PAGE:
‘Railway managers should be more aware of cyber threats’

Railway systems were traditionally not the open access systems as they are today. Although new technologies are applied, the railway industry has not kept up with these developments and many players involved believe they are not affected by the cyber security threats that have come along. 

Lovan Pushparatnam has an important message to the industry. As a board member of the French intelligent transport systems association (ATEC-ITS), he has contributed to a paper stressing the importance of cyber security in railway systems. He will be discussing this paper at the Intelligent Rail Summit, to be held in Vienna from November 28-30.

Awareness

It is not a technical paper, the expert explains. “Rather, it is a paper for railway managers, stressing the risks they face. These risks are everywhere and therefore, cyber security measures must be implemented at all levels and with any changes made.” Pushparatnam names the ticketing system, but also the equipment area, or communication system as examples of vulnerable areas that may be left without protection. “These places are not just vulnerable to intentional hackers, but also to the unaware employee who uses his personal computer one day and unwittingly downloads a virus.

Understanding of these threats is developing very slowly. We aim to point out the importance of prevention and encourage all stakeholders to incorporate the security policy into their relevant processes, ensuring security requirements are cascaded down into all contracts not just for technical design of equipment and systems but also for test and commissioning.”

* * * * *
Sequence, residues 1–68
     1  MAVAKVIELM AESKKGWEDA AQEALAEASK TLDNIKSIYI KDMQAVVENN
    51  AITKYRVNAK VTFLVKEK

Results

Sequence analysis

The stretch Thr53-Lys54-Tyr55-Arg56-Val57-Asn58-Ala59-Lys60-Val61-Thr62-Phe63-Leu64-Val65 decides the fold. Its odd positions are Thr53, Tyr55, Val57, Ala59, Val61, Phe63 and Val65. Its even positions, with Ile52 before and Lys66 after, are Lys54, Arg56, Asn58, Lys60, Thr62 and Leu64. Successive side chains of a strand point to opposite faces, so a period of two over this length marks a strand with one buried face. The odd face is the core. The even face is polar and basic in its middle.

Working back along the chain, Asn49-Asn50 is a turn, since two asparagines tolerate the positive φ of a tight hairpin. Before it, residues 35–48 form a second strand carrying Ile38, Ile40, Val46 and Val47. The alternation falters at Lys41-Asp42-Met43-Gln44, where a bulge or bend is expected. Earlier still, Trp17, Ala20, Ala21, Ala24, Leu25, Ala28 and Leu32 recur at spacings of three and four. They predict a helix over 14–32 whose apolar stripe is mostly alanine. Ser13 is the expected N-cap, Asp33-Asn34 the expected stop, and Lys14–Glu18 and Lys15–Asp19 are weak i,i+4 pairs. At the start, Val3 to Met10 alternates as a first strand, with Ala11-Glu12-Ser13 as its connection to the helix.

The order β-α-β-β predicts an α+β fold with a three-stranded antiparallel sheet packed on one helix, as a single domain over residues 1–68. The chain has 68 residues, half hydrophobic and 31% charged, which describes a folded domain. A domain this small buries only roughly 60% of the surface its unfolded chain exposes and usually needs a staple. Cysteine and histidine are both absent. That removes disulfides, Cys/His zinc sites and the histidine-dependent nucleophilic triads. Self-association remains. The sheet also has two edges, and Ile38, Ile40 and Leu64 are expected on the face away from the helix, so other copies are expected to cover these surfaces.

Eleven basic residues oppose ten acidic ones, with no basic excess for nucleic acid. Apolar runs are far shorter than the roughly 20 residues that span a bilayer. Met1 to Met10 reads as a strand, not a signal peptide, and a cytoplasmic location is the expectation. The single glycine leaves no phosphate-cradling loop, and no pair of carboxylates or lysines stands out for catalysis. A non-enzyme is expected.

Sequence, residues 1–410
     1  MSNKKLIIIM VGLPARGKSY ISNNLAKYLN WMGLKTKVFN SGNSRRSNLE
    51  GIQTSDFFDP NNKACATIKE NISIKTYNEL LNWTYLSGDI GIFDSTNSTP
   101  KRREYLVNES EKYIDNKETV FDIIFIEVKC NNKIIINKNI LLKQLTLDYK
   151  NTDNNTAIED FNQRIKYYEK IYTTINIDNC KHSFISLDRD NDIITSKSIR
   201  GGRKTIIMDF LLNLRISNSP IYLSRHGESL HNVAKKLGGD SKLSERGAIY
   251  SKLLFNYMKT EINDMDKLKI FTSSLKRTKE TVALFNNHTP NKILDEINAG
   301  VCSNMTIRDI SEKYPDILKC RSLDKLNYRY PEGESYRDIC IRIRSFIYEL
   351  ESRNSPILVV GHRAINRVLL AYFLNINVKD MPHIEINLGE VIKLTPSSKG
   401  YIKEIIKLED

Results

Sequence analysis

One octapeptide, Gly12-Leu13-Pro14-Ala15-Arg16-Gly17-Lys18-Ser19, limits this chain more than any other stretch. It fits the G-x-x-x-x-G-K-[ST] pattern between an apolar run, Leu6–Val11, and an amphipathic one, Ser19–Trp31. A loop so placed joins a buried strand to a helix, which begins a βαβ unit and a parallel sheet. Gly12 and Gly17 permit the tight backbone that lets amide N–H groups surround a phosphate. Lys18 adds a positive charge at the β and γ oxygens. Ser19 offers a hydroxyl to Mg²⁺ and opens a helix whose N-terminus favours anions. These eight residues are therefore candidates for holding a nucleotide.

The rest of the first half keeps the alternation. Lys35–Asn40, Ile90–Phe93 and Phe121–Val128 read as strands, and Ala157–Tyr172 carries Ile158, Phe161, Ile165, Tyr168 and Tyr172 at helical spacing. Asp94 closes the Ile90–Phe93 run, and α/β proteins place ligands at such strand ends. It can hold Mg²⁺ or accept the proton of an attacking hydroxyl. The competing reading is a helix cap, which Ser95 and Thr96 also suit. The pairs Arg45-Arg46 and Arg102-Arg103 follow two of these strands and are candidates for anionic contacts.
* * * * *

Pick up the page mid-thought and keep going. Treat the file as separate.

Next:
Prevention

According to Pushparatnam, there are three types of hackers: the teenager in his bedroom, getting a thrill out of creating havoc; the cyber criminal that creates distortion to demand money from the railway operator afterwards; and state-sponsored hackers that operate with political motives.

Preventing a system from falling prey to cyber attacks is not just a matter of inserting a USB stick, says Pushparatnam. “However, it is not rocket science either. It is quite simple to block access to a certain system and with that, vulnerability has decreased significantly. The risk remaining is that of the highly sophisticated cyber attack; when it comes to these kind of attacks very little protection can be done.”

Background

Since joining British Rail in 1994, Lovan has spent his career in transport systems engineering, specialising in radio systems. He works for SYSTRA in France since 2006, where he is director of the Tramway Systems and Telecoms Department. He is a Chartered Engineer and an Honorary Senior Research Fellow at the University of Birmingham (UK).

In 2017 he was elected to the board of the French intelligent transport systems association (ATEC-ITS). Bringing together various stakeholders including transport authorities, road and public transport operators, car manufacturers and consultancies, ATEC-ITS aims to inform debate and help formulate policy in intelligent mobility.

Intelligent Rail Summit 2017

On 28-30 November the Intelligent Rail Summit 2017 will take place at the Infocenter of Wiener Linien, Vienna, Austria. High level expert speakers will share the latest research on Automatic Train Operation and Cyber Security in Rail, amongst them is Lovan Pushparatnam. You find more information about this event on the conference website.

Author: Simon Weedy

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